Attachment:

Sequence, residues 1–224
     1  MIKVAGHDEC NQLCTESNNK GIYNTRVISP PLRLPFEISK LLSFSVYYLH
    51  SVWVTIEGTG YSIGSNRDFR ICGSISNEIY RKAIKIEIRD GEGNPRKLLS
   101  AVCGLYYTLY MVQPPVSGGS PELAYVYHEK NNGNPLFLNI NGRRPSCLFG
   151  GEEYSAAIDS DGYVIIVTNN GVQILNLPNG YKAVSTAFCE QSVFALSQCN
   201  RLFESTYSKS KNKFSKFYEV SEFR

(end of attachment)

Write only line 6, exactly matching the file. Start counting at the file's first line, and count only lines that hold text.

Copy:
   201  RLFESTYSKS KNKFSKFYEV SEFR